About Ascariasis

Key points

  • Ascaris is the most common worm parasite found in humans. It lives in people's small intestine.
  • This parasite spreads through contaminated soil (soil that contains the parasite).
  • Ascaris infection is treatable with medication.
  • Ascaris infection is sometimes called ascariasis.


The human roundworm Ascaris lumbricoides, sometimes just called Ascaris or ascariasis, is a parasitic worm that infects an estimated 772–892 million people globally. Ascaris, along with whipworm and hookworm, is a soil-transmitted helminth (STH). The larvae (immature worms) and adult forms of the parasite live in a person's intestines. People get ascariasis by consuming contaminated soil. Most cases occur in tropical and subtropical areas of Asia, sub-Saharan Africa, and the Americas.


Some people infected with ascariasis have either few or no symptoms at all.

People who do have symptoms can experience abdominal discomfort or pain. Heavy infections (caused by a high number of worms) are more common in children, can block the intestines, and can slow growth in children. Other symptoms such as cough are due to migration of the worms through the body.


A person infected with Ascaris passes the parasite eggs in their feces (poop). If an infected person defecates (poops) outside, uses an unimproved sanitation facility (when there is no sanitary separation of human waste from human contact), or uses human feces as fertilizer, the eggs can get into the soil. Here they will grow into a form that is infective. People get ascariasis by consuming infective eggs found in contaminated soil.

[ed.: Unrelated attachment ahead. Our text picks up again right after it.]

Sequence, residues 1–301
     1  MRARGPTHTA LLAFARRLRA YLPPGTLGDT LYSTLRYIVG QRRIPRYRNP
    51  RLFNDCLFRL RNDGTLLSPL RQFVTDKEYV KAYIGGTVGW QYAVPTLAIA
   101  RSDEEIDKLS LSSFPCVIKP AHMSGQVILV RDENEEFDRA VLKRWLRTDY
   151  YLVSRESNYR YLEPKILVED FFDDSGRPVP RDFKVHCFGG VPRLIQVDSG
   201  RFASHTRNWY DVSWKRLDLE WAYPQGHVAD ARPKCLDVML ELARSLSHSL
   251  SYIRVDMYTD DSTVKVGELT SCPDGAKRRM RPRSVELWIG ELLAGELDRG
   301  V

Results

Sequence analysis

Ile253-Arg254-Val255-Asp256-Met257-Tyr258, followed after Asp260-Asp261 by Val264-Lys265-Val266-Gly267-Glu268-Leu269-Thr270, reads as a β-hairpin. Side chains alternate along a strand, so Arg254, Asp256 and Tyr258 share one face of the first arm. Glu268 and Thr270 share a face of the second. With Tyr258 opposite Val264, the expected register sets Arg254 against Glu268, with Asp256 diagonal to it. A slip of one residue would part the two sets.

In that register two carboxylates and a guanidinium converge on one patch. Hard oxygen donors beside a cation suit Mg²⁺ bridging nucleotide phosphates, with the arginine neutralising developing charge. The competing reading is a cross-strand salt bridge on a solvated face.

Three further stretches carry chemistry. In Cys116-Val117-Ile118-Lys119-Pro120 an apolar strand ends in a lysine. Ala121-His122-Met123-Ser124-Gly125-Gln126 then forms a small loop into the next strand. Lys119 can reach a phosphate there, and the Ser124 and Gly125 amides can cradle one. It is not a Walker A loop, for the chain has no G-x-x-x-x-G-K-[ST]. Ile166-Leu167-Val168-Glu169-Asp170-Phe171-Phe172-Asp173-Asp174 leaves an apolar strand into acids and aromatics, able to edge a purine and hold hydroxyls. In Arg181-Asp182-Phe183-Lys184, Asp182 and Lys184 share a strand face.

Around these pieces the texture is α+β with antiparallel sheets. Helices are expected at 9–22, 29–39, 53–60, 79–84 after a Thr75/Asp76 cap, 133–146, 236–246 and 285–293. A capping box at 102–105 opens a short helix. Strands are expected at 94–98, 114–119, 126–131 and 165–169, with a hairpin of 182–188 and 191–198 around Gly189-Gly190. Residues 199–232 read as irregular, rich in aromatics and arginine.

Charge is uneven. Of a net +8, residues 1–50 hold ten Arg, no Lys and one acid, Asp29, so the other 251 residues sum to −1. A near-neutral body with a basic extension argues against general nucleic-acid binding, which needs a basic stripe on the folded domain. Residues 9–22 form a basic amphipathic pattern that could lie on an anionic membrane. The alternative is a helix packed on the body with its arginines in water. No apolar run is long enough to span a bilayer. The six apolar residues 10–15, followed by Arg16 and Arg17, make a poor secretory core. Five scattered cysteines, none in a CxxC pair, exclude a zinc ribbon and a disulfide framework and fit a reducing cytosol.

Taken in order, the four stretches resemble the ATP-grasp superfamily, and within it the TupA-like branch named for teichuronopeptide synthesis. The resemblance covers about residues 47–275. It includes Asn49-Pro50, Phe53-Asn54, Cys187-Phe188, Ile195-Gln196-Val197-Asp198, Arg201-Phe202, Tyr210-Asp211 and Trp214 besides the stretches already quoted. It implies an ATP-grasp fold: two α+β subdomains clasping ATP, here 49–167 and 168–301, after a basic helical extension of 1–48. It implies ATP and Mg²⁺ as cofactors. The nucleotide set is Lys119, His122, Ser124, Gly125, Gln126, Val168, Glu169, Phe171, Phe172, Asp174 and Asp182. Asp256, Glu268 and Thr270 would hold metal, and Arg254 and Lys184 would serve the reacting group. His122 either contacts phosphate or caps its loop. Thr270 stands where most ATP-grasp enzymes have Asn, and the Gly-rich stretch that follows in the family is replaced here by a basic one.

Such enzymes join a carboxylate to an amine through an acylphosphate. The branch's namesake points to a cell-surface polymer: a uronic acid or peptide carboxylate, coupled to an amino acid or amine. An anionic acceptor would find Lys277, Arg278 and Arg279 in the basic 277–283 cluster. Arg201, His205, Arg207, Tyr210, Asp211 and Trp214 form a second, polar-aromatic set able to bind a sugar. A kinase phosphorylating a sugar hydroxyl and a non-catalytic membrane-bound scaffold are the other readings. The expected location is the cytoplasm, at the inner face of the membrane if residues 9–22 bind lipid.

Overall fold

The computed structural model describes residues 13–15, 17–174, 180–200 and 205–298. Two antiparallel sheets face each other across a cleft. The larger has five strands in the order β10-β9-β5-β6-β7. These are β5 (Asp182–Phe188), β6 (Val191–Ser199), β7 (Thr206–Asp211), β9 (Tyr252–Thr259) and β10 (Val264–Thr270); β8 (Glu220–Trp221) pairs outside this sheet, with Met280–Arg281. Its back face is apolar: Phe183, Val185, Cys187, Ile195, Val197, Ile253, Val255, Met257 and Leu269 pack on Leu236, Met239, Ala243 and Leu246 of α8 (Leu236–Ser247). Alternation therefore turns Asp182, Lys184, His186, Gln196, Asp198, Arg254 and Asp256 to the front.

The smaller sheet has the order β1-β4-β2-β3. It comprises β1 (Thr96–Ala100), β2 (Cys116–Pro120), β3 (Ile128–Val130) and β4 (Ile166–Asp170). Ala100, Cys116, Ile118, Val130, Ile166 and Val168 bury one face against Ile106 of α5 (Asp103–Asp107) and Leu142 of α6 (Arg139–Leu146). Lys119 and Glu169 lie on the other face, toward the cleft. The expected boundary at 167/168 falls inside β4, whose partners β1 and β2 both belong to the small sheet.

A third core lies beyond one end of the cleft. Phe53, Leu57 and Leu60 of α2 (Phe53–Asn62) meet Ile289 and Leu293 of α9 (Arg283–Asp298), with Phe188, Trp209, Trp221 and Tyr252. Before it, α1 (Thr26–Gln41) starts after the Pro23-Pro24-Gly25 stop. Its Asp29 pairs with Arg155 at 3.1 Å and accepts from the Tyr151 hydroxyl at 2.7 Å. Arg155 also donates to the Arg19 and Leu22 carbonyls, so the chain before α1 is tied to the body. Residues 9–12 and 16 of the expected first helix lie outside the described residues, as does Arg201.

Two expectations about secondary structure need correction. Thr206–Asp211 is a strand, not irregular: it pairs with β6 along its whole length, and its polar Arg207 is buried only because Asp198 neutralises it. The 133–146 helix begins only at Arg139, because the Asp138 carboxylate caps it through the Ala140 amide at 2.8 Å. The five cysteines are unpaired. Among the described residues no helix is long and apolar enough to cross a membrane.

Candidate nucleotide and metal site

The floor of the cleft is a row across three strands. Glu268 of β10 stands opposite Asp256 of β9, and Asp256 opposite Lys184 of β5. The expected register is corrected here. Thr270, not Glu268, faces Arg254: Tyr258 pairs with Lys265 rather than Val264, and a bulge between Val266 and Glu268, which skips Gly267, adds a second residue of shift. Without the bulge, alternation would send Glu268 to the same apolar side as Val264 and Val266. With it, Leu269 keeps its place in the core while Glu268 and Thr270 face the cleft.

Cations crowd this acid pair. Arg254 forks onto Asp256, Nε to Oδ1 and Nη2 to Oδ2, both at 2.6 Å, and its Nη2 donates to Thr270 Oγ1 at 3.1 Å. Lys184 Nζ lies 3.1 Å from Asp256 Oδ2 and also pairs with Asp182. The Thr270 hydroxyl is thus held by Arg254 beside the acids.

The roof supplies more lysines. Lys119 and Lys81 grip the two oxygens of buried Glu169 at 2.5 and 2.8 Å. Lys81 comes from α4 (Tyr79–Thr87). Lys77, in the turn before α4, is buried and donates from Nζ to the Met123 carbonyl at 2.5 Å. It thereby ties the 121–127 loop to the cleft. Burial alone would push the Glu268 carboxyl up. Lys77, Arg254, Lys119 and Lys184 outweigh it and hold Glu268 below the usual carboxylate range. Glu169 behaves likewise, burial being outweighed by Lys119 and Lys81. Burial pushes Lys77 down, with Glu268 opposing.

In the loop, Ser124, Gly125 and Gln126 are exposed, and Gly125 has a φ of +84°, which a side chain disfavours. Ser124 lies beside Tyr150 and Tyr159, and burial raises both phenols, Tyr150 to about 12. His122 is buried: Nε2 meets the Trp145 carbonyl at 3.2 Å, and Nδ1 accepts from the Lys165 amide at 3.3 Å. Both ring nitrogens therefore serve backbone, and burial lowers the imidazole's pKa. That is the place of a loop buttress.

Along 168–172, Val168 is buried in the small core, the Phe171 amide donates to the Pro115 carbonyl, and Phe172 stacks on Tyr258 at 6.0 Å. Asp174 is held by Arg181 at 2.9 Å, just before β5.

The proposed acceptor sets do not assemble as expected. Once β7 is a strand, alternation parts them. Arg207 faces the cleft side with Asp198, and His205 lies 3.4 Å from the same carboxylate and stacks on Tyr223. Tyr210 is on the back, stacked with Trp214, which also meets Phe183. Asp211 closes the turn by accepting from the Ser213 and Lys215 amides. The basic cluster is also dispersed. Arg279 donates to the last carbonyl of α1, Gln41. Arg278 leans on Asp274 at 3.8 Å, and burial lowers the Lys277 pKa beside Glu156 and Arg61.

To lower your risk of getting ascariasis

  • Wash your hands with soap and water after going to the bathroom and before handling food.
  • Wash, peel, and cook raw fruits and vegetables.
  • Avoid soil or water contaminated with human feces (poop).

To prevent spreading Ascaris  infection to others in a community setting

  • Do not defecate outdoors, if possible,
  • Use improved sanitation facilities, if available, to ensure separation of human waste from human contact, and
  • Do not use human feces as fertilizer for crops.
  • Teach children the importance of handwashing to prevent infections.


Your healthcare provider can take a stool (poop) sample and examine it for Ascaris eggs under a microscope. Some people with heavy infection may pass a worm in their stool or cough one up. If this happens, bring the worm to your healthcare provider for diagnosis.

Treatment and recovery

Your healthcare provider can prescribe medications to help your body get rid of Ascaris worms. Treatment lasts between one and three days and is highly effective.